Osteochondritis Dissecans

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Osteochondritis Dissecans

Osteochondritis dissecans (OCD) is where a portion of subchondral bone and articular cartilage undergoes separation from the underlying bone. This leaves a bone fragment that can be stable or unstable. It can lead to premature Osteoarthritis

Epidemiology

OCD is a rare cause of joint pain. In adults, men are more commonly affected than women, and the ankle is most commonly affected. In children OCD most commonly affects the knee, followed by the elbow and ankle.

Clinical Features

Pain is felt in the knee, elbow, or ankle either following a specific injury or following repetitive injury. Patients report that pain is worse with exercise. In more severe disease, especially in the presence of a loose body, there may be mechanical symptoms such as catching or locking. The pain may gradually get worse over several months. In OCD of the talus there may be ongoing pain after an ankle inversion injury.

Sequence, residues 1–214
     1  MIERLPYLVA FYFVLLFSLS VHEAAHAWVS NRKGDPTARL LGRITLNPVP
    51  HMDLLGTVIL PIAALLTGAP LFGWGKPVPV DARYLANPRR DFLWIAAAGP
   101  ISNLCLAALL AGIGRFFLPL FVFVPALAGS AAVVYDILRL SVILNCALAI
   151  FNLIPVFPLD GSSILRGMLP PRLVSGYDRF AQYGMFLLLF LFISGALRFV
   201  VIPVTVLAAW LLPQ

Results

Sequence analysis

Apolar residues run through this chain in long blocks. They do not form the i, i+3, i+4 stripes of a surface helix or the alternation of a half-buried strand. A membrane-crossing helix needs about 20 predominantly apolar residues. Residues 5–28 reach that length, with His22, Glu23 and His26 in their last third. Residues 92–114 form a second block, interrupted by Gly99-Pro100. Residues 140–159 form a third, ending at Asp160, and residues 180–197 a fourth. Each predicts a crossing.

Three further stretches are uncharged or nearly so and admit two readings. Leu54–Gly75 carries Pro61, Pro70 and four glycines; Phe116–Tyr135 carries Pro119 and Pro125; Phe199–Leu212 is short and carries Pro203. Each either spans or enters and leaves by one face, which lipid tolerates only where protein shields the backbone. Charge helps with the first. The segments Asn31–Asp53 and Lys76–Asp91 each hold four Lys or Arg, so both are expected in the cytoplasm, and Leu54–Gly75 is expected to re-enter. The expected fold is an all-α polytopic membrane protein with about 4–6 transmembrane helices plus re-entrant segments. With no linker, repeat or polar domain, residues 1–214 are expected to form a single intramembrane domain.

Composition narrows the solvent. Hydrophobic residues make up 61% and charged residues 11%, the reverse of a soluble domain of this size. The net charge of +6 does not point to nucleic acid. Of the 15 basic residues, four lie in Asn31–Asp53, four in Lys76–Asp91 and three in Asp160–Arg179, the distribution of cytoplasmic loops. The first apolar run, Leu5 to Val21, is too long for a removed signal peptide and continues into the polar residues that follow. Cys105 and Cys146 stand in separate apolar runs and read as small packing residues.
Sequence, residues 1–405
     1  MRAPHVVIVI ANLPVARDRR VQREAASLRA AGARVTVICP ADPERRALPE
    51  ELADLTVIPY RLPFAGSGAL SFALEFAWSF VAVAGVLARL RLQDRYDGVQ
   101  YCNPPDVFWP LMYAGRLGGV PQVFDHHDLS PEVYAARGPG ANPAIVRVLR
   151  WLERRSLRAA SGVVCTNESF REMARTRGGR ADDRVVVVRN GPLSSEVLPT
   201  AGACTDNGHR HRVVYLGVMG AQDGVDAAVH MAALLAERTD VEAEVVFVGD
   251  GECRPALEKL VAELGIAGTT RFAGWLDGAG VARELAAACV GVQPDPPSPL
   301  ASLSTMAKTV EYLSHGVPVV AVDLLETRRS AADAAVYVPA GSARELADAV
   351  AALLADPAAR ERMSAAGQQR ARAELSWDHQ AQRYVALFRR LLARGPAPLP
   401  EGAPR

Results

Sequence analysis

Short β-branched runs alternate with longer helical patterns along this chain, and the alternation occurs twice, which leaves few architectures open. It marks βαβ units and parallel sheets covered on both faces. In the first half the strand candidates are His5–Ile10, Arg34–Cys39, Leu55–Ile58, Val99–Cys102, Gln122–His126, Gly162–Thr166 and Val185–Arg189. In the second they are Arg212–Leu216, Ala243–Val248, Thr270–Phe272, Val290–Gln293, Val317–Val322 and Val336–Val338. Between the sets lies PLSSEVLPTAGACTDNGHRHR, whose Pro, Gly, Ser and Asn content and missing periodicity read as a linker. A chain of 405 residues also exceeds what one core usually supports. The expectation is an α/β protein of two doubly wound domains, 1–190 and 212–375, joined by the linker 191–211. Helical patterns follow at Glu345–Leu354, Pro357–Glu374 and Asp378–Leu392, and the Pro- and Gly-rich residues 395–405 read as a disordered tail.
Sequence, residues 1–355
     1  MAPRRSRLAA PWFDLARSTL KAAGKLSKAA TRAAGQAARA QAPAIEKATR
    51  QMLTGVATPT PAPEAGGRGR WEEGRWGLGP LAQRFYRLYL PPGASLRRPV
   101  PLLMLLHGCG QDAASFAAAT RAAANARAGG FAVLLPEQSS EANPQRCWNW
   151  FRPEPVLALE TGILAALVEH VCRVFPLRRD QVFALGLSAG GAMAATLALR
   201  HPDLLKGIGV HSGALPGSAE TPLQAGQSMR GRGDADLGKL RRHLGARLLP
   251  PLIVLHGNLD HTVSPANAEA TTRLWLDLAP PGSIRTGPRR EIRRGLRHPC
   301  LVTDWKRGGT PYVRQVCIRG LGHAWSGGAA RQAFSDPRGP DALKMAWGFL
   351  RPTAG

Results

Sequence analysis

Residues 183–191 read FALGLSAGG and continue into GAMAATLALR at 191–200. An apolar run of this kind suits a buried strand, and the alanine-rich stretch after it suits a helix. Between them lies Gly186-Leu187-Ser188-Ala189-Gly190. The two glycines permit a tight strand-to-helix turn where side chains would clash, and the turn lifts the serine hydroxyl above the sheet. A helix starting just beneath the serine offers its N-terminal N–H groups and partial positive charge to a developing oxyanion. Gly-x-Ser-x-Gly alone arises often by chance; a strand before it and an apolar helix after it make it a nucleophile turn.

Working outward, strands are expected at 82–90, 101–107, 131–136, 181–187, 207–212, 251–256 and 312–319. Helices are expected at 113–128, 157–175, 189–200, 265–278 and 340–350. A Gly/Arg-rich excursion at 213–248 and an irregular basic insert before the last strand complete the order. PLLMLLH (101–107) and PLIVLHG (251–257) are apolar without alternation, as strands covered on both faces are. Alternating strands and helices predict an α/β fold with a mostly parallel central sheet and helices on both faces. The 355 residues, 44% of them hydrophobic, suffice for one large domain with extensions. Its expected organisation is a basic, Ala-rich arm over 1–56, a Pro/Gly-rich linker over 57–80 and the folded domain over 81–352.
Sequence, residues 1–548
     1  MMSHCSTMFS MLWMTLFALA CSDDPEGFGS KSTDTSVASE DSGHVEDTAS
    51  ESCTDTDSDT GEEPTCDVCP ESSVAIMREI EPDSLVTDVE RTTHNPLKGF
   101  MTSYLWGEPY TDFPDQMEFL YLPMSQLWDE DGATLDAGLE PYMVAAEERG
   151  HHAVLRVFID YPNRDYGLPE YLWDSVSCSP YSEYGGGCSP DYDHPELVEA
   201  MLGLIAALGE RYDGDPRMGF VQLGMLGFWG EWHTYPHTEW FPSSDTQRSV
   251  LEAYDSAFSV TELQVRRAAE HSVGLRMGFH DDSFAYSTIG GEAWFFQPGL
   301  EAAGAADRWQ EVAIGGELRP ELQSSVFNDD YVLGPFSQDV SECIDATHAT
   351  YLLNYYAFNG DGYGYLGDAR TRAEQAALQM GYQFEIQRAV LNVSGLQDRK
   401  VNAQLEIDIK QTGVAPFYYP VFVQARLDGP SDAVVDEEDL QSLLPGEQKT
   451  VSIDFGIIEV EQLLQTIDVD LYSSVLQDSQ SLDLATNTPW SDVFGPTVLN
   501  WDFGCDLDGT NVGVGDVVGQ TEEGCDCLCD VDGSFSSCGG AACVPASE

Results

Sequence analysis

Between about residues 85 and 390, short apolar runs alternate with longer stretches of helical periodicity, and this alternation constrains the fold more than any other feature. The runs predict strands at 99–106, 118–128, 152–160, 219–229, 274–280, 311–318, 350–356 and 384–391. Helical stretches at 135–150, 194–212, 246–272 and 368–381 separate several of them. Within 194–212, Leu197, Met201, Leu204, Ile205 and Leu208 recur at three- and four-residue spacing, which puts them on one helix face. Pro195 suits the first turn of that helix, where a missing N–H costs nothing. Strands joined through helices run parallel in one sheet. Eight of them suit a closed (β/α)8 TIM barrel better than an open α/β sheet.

On examination there is tenderness over the relevant location - medial femoral condyle, anterolateral elbow, medial or lateral talar dome

Investigations

Plain films will usually show evidence of OCD. The typical findings are a subchondral bony fragment that is surrounded by an area of crescent-shaped radiolucency. If plain films are normal and suspicion remains then MRI may be indicated. MRI can also help to grade the lesion and help with management planning.

References

Literature Review